This year we are celebrating International Women’s Day with the theme of DigitALL – digital inclusion for gender equality, a theme Equate was excited to see highlighted by the UN. Digital inclusion is vital for a number of reasons, it is essential for reducing barriers to opportunities, it is essential for women gaining access to higher paid jobs that will help lessen the gender pay and pension gap, it is essential for creating better products, and it is essential for economic growth which benefits everyone.
We know that the digital world and technology already influence almost every aspect of our lives, and this is only set to grow more and more as new technologies emerge over the years. But more work needs to be done to ensure that tech is both accessible and representative for all.
It is estimated that 90% of jobs in the current market have a digital component, with the technical skills and knowledge required to complete them steadily becoming more sophisticated. To ensure that the job market remains open we need to widen access to upskilling opportunities to build peoples’ confidence and support them in their career development.
The acute skills shortage facing Scotland, and the UK more widely, is growing immensely. The significant gap between the skilled roles required for development and economic growth and the number of qualified or experienced people available to fill these roles is simply falling far behind. 1 in 10 job vacancies in Scotland are in the tech sector, and with the underrepresentation of women in the industry (23%) targeting women in upskilling or reskilling programmes seems like a logical first step to narrowing the skills gap.
“Gender segregation and imbalance results in lost economic potential for the country and missed opportunities for individuals.” Scottish Government 2017
Having more women in digital roles is beneficial for everyone. There is plenty evidence to show that having more diverse teams helps organisational performance. McKinsey has repeatedly shown that companies with a more gender-balanced leadership team perform better financially, and Cloverpop research clearly demonstrates that having diverse teams lead to better decision-making.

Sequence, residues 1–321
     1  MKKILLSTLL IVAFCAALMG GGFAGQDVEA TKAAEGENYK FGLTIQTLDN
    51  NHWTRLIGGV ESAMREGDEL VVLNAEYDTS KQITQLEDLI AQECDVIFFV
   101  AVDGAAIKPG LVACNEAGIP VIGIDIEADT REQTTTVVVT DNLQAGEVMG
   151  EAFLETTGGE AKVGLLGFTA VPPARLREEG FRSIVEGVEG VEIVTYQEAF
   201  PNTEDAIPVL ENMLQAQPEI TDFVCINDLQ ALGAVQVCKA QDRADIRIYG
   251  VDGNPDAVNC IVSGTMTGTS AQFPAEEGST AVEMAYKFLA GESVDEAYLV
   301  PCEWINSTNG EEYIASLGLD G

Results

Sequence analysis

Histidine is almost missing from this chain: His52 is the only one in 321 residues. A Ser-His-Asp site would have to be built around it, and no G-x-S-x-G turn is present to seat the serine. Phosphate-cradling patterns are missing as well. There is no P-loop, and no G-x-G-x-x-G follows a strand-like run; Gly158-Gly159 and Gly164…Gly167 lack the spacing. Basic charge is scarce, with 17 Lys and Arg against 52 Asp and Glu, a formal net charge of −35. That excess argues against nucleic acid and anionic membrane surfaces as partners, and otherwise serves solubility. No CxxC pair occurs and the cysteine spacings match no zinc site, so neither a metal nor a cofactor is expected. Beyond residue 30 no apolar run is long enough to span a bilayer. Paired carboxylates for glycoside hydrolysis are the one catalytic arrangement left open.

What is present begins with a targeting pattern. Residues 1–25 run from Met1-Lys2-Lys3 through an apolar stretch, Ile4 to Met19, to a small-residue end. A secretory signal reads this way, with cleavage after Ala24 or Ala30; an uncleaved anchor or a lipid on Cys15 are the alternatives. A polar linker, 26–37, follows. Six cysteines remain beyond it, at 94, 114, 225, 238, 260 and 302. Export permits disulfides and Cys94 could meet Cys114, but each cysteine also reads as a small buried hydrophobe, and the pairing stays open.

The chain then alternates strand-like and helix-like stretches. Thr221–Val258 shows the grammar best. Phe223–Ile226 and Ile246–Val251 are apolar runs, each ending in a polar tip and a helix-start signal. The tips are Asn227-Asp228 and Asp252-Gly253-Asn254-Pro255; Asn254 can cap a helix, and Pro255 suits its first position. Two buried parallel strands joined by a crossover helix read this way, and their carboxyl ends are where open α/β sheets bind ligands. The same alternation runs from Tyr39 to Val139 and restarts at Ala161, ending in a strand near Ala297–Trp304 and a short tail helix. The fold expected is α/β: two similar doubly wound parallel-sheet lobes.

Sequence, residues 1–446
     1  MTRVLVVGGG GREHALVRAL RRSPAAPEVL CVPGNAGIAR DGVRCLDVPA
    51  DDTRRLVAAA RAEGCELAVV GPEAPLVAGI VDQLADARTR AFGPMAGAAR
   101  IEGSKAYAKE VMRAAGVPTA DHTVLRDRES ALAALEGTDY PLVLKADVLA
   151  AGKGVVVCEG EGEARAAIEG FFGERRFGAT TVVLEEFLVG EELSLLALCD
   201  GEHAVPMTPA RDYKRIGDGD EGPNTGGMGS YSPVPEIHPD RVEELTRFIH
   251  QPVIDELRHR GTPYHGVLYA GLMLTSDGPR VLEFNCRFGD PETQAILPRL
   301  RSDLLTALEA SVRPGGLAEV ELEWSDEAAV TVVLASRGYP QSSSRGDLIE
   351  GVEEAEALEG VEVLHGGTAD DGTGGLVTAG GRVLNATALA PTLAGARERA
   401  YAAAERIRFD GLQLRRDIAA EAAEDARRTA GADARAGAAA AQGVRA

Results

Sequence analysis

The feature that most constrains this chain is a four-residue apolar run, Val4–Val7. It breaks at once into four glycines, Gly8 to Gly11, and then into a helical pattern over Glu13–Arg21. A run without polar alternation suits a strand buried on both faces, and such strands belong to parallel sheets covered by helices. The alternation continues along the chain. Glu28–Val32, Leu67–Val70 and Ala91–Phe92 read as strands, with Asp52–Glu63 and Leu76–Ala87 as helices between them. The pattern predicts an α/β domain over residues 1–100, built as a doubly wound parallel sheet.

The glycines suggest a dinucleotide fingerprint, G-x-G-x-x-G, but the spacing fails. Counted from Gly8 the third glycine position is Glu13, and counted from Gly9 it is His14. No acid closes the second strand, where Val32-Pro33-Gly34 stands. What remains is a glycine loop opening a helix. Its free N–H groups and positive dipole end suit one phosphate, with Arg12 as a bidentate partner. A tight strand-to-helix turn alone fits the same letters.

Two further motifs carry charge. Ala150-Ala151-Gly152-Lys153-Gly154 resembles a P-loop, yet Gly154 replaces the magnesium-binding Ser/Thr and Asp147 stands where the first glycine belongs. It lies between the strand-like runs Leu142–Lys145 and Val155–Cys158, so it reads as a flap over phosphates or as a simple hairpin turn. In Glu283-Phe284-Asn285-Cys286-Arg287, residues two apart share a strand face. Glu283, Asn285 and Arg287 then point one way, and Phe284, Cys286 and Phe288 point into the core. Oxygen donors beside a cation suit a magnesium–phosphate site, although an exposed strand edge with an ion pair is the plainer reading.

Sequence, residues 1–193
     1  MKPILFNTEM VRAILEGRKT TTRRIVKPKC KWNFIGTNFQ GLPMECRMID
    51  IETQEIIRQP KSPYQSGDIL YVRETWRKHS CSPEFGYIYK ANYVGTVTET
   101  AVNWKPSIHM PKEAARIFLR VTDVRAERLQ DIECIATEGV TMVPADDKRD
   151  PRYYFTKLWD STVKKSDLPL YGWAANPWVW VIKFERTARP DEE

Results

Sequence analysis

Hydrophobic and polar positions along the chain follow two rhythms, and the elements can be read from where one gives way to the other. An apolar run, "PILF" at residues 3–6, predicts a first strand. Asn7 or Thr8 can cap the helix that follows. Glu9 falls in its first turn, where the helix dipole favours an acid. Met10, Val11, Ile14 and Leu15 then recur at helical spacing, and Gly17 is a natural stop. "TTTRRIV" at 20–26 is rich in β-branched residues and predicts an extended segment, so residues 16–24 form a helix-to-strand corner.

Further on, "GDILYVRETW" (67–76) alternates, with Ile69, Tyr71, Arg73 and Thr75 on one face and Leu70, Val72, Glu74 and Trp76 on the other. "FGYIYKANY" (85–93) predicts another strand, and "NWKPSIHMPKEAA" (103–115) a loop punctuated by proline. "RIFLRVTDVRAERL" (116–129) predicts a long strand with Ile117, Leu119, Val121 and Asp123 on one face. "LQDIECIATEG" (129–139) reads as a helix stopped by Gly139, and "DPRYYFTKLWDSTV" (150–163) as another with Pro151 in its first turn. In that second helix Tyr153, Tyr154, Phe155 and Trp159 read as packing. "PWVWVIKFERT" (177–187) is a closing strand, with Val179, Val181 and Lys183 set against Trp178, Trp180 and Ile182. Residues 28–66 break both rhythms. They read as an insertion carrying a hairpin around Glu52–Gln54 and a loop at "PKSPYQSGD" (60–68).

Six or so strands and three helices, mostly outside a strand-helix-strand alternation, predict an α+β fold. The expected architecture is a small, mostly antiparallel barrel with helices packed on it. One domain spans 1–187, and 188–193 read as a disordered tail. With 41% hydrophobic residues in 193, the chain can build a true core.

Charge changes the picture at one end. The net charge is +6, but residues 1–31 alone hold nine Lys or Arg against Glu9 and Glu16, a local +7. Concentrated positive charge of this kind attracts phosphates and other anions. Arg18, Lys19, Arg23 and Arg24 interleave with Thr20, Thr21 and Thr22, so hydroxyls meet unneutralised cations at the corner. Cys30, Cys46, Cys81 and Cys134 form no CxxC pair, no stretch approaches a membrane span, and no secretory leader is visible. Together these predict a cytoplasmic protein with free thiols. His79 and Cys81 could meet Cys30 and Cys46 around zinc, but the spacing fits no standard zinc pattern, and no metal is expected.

To find out more about widening your talent pool when recruiting check out our most recent blog on Equate CareerHub. A short guide to Inclusive Recruitment.
The participation of women in the tech sector is also crucial to supporting innovation and advances that work for everyone and not just for the people who design it. There is plenty of evidence to show that diverse teams create products that work better for a wider range of people. The bias that is so often built into software or into data sets is done so unconsciously. Things simply haven’t been designed with women in mind.
There was a belief that allowing Artificial Intelligence to make decisions in the recruitment process would eliminate gender bias from the hiring process. This may yet become true, however, the AI that controls aspects of recruitment such as scanning CVs are only as good as the data they are given to base their decisions off. If the data sets are skewed more towards candidates who are men in historically male-dominated fields like engineering, women applicants may miss out on being shortlisted for a role they are qualified just because the data that drives the AI’s decision-making is unbalanced.
“One of the most important things to say about the gender data gap is that it is not generally malicious, or even deliberate. Quite the opposite. It is simply the product of a way of thinking that has been around for millennia and is therefore a kind of not thinking. A double not thinking, even: men go without saying, and women don’t get said at all. Because when we say human, on the whole, we mean man.” Caroline Criado Perez, Invisible Women.
So getting more women upskilled in STEM and digital skills is critical for a number of reasons. First and foremost eliminating barriers to women’s participation in the sector is fundamentally the right thing to do. It has the added bonus of helping address the growing skills shortages in tech or digital-driven roles, boosts economic growth that supports us all, and creates products that are more representative and work well for everyone.
References and Further Reading
- Caroline Criado Perez, Invisible Women – exposing data bias in a world designed for men
- Digital Scotland: Tackling the technology gender gap together
- World Economic Forum: How to close the digital gender divide and empower women
- World Economic Forum: The gender gap in science and technology, in numbers
- World Economic Forum: Why bringing women into tech roles is good for society
- Cloverpop: Hacking Diversity with Inclusive Decision-Making
- McKinsey: Diversity Wins – how inclusion matters
- Daily Business: Scotland facing digital skills gap as vacancies rise
- The Herald: Staff shortage ‘limiting’ growth prospects for vital Scottish industry